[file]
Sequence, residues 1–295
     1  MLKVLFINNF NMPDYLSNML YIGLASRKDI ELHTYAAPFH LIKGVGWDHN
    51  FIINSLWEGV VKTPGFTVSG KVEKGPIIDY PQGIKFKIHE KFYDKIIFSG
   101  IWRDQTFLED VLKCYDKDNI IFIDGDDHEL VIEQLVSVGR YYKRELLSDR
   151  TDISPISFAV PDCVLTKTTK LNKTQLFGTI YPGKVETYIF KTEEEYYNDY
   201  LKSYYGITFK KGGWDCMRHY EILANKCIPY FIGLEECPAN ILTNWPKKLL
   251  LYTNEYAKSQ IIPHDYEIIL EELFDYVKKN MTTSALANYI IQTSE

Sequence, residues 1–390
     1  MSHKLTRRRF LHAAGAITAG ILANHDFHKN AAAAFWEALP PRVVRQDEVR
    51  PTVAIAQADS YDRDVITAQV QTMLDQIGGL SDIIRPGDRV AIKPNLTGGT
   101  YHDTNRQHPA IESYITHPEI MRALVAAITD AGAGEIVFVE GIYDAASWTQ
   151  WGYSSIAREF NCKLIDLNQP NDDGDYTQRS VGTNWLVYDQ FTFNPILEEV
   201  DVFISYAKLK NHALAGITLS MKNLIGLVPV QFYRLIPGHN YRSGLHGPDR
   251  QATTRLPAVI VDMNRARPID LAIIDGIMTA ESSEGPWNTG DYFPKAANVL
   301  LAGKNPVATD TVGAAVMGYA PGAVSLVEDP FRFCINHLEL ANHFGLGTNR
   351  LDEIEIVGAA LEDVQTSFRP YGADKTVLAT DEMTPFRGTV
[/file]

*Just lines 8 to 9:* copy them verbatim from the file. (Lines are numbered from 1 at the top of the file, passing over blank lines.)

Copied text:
Sequence, residues 1–390
     1  MSHKLTRRRF LHAAGAITAG ILANHDFHKN AAAAFWEALP PRVVRQDEVR